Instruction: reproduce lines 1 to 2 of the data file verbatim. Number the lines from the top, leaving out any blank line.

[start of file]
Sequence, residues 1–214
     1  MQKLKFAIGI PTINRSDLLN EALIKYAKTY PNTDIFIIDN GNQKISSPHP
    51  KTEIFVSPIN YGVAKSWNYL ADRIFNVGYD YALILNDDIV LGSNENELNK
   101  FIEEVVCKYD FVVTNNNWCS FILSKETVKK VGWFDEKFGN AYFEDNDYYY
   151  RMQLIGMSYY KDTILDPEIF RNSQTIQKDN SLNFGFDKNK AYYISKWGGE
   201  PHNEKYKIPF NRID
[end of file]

Sequence, residues 1–214
     1  MQKLKFAIGI PTINRSDLLN EALIKYAKTY PNTDIFIIDN GNQKISSPHP